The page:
Top 8 Marketing Measurement Mistakes
MEASURING MARKETING IS EASIER SAID THAN DONE
Measuring your marketing sounds easy enough, and everyone knows what gets measured gets managed, but there are several pitfalls when it comes to accurately measuring the performance and impact of your marketing program. Even the most seasoned marketers can fall foul of these pitfalls if they’re not careful. So, what are the top 8 mistakes when it comes to measuring your marketing?
1. NOT DOCUMENTING YOUR PRIMARY & SECONDARY KPIS
A macro-conversion or action that is particularly important for your business could be a lead form submission, a 1-minute or longer phone call or an online purchase. These should be documented as your primary KPIs. Less important actions or micro-conversions could be when someone searches for a location on your website or clicks a CTA (call to action) button (Add to Cart or Get Quote) but doesn’t follow through with a form submission, qualified phone call or purchase. It’s important to document and democratize your primary and secondary conversions so that everyone involved in executing and measuring your marketing program understands the goals and which metrics should be used to calculate CPA (Cost Per Acquisition) or CPL.
2. INCLUDING SECONDARY KPIS OR MICRO-CONVERSIONS IN YOUR CPA OR CPL
One mistake that we often see is that actions such as button clicks, or page views are being included in the CPL or CPA metric. Another flavor of this mistake is counting a separate set of actions as primary KPIs across media channels that have the same campaign objective. For example, in Paid Search, CPL is being calculated using one set of actions and in Paid Social (conversion objective campaign), it’s being calculated using a separate set of actions. This is not ideal and should be audited and corrected.
In Google Ads, you can easily see which conversions are being included in your Cost Per Conversion metric by going to Tools & Settings -> Measurement -> Conversions and making sure only your primary conversions are listed as Yes under Included in Account-Level Goals.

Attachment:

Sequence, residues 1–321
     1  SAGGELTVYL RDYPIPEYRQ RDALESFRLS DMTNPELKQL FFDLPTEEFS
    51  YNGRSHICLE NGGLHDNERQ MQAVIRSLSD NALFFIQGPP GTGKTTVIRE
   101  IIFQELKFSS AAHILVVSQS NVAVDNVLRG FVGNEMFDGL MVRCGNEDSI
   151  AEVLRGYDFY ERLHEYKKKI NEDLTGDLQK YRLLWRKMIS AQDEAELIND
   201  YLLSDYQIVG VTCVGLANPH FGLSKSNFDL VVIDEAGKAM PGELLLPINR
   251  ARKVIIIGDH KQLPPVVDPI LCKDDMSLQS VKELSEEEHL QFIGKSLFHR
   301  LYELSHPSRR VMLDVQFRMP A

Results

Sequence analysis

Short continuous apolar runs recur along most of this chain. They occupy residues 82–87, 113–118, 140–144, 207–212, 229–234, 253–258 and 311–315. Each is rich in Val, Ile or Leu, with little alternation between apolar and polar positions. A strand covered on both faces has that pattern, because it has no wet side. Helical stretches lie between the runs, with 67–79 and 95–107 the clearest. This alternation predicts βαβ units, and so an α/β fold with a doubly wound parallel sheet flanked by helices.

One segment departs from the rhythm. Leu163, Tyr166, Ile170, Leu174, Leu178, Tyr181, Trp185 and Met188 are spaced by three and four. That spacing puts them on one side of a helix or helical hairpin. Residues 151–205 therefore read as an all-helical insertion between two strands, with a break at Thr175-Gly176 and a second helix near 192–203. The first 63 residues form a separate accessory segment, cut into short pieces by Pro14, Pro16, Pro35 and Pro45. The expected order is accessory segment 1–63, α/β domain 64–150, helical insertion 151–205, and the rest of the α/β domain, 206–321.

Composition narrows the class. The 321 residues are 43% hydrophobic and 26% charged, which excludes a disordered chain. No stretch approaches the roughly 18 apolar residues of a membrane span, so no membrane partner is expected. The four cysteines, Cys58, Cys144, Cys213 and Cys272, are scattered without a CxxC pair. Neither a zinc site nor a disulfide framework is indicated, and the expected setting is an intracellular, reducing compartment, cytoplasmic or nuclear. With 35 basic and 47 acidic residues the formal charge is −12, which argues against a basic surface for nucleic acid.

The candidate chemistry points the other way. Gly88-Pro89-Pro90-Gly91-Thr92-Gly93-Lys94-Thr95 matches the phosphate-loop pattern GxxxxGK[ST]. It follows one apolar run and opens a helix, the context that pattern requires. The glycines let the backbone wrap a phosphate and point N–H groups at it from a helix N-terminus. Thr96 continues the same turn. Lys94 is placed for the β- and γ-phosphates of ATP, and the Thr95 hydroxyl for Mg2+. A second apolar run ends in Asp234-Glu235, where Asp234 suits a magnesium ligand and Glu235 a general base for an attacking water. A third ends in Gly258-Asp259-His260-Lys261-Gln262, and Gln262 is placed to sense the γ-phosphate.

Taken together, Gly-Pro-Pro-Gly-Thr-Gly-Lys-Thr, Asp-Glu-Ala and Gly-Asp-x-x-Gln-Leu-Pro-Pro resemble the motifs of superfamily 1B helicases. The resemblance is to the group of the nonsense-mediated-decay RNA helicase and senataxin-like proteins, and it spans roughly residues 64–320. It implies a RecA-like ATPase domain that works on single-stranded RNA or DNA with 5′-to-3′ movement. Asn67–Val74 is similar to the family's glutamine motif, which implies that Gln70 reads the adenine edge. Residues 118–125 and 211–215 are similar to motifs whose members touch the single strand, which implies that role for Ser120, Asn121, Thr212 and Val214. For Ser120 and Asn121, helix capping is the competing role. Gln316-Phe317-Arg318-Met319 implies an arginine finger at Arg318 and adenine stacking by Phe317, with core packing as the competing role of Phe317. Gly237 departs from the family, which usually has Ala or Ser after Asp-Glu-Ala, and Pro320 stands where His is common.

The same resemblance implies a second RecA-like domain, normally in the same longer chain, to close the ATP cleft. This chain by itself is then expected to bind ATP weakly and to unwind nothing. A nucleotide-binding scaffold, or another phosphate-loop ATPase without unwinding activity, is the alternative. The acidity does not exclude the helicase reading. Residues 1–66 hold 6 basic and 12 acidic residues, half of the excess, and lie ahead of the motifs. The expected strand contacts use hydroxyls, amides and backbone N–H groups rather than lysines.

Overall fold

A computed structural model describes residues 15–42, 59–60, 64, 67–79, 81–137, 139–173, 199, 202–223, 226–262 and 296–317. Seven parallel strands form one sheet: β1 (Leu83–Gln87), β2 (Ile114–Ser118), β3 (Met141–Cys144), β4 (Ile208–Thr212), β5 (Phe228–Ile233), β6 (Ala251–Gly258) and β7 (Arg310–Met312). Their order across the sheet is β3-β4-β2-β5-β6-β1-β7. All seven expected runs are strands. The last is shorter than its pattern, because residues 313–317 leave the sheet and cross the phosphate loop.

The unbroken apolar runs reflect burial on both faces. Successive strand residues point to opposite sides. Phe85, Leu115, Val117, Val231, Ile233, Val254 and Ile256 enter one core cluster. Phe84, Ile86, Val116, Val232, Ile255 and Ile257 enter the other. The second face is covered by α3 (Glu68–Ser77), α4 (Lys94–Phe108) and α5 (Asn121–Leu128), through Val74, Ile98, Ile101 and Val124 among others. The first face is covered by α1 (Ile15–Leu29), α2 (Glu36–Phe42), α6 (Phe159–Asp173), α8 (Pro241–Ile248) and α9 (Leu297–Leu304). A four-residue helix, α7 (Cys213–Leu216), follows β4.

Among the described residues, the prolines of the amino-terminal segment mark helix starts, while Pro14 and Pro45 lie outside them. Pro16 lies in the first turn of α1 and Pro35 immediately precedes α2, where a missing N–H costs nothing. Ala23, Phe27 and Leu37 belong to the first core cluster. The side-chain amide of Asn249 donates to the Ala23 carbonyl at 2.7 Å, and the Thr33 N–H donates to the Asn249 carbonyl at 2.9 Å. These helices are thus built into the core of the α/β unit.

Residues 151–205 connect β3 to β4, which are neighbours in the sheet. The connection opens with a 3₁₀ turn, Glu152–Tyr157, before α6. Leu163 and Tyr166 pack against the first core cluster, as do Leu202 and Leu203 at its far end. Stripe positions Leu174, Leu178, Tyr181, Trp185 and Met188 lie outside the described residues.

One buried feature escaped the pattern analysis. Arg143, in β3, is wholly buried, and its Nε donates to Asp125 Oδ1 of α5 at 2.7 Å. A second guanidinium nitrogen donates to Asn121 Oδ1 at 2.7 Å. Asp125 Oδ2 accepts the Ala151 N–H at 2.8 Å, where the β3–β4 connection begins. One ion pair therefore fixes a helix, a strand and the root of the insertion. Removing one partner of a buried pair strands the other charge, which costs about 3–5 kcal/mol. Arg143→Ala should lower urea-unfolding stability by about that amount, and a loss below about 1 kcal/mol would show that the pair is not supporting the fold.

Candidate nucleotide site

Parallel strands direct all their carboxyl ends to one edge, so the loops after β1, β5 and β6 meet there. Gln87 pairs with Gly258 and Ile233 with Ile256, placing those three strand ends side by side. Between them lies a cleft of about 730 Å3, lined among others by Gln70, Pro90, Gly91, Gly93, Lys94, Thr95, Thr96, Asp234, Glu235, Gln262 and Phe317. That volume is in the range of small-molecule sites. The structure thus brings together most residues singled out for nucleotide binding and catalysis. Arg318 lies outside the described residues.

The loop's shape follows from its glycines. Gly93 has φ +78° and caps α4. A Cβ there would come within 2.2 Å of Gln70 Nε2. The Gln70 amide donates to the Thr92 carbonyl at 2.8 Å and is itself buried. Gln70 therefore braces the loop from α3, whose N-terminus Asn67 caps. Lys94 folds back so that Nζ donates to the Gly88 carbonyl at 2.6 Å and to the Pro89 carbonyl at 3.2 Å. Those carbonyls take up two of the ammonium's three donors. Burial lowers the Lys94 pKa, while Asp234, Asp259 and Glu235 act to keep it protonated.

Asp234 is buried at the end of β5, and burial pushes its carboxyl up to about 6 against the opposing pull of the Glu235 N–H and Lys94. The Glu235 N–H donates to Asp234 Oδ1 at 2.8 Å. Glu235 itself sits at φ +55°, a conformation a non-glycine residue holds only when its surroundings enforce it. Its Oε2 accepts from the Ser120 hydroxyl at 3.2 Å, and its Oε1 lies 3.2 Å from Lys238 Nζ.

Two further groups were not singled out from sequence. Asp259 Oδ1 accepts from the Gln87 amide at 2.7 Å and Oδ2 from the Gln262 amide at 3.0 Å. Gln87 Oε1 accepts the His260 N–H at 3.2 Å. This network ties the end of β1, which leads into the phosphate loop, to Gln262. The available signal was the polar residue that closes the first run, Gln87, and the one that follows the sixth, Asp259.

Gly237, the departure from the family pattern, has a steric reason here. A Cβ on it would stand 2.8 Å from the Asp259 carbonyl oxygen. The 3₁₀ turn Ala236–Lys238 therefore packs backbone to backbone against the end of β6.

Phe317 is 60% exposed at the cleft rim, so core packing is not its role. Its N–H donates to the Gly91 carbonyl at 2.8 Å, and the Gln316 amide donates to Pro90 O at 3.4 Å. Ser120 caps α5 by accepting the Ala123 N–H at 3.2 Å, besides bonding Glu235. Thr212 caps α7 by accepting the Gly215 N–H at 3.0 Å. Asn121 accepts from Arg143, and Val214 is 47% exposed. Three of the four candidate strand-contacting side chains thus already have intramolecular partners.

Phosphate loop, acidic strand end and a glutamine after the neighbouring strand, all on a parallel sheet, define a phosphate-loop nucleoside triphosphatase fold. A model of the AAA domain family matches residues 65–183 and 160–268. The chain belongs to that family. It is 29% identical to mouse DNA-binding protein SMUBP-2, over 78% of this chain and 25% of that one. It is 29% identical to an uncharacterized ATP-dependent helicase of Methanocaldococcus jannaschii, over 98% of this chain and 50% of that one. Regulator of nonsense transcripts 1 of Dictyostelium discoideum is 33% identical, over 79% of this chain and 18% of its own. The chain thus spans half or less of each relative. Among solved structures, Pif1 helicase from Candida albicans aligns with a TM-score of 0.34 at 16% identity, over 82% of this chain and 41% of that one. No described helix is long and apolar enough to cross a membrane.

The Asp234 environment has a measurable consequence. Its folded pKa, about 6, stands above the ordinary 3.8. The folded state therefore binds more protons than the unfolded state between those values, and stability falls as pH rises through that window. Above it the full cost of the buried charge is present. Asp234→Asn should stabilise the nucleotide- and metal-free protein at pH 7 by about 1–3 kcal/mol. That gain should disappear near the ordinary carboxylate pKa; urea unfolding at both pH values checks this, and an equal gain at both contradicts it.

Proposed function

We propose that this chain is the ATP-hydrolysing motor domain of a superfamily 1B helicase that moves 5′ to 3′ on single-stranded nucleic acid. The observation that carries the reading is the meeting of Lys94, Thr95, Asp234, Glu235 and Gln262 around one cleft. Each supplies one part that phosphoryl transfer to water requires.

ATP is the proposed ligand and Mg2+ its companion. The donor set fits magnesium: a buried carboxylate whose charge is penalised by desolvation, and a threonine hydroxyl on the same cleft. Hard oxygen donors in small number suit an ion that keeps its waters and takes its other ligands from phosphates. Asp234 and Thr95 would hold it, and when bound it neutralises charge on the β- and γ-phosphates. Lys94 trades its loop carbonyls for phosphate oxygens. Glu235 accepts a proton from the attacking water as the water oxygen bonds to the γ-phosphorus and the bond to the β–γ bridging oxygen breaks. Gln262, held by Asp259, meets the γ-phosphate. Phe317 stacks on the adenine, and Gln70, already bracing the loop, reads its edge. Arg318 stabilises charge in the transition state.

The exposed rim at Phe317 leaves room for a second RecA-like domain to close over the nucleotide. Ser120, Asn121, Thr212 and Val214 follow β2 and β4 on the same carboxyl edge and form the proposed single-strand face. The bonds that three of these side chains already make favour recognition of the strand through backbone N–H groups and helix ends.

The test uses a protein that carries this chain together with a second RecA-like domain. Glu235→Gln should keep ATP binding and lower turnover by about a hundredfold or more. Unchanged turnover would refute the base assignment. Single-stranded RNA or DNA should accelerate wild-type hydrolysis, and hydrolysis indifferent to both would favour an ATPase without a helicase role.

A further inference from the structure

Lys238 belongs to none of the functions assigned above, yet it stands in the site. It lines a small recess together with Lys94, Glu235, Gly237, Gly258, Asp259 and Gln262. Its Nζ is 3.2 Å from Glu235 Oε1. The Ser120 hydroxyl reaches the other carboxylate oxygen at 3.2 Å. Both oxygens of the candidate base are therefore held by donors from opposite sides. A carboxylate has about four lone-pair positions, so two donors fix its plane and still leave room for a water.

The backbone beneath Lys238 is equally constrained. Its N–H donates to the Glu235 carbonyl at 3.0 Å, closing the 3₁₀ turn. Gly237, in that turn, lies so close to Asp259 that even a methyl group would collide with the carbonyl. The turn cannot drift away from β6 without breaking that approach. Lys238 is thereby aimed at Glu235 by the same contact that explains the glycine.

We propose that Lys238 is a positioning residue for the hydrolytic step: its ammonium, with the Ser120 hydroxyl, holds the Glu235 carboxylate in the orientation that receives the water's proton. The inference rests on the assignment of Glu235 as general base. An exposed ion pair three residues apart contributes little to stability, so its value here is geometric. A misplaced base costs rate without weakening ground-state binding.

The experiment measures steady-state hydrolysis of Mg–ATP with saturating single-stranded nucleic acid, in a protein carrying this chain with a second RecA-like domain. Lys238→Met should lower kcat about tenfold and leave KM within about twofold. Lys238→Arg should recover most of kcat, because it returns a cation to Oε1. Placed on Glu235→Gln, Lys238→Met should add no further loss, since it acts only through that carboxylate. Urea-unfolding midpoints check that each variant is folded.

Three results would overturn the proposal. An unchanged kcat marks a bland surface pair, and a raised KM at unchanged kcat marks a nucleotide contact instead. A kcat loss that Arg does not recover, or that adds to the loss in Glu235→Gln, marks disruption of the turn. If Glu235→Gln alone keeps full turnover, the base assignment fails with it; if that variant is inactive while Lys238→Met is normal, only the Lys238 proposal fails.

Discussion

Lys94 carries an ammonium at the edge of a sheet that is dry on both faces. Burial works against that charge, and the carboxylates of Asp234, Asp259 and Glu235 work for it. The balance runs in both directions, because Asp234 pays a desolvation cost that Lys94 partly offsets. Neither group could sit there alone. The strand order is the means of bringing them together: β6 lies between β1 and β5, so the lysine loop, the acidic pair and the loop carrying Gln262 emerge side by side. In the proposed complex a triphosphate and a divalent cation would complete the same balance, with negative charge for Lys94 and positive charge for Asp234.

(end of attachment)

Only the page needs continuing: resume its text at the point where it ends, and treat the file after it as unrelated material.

3. NO CALL TRACKING OR IMPROPER CALL TRACKING
Call tracking software identifies which marketing channel the caller came from and attributes their call to that channel so we can measure the impact of our multi-channel marketing efforts on incoming calls. We can use DNI (Dynamic Number Insertion) to show a phone number on the landing page that is unique to each channel using a predefined lookback window. For example, Jane clicks a YouTube ad and lands on your website. The phone number at the top of the page has been dynamically generated with a unique number for the YouTube channel. Jane decides not to click to call on this visit but just reads up on your service and exits the page. 3 days later, Jane returns to the landing page through an organic search. Because we have set a 30-day lookback window in our call tracking software, the YouTube channel phone number will be displayed at the top of the page so that we can still attribute YouTube as Jane’s converting touchpoint.
Even if you are leveraging a call tracking solution, it’s important to ensure this process is set up correctly and that you have filters in place to only count phone calls that meet certain criteria so that you are measuring qualified calls. Users that click to call but then hang up or who do not stay on the call long enough for it to be a qualified call, say 30 seconds, (this will vary on your business), should not be included in your call metrics.
Setting up and using call tracking analytics within your call tracking software will help you to identify search keywords that are driving the most qualified calls. It will also help you to generate transcripts of your calls so you can spot familiar words or phrases that are spoken on calls that lead to conversions and then label, tag and score calls based on these.
4. NO MONITORING OR VALIDATION SYSTEM FOR TRACKING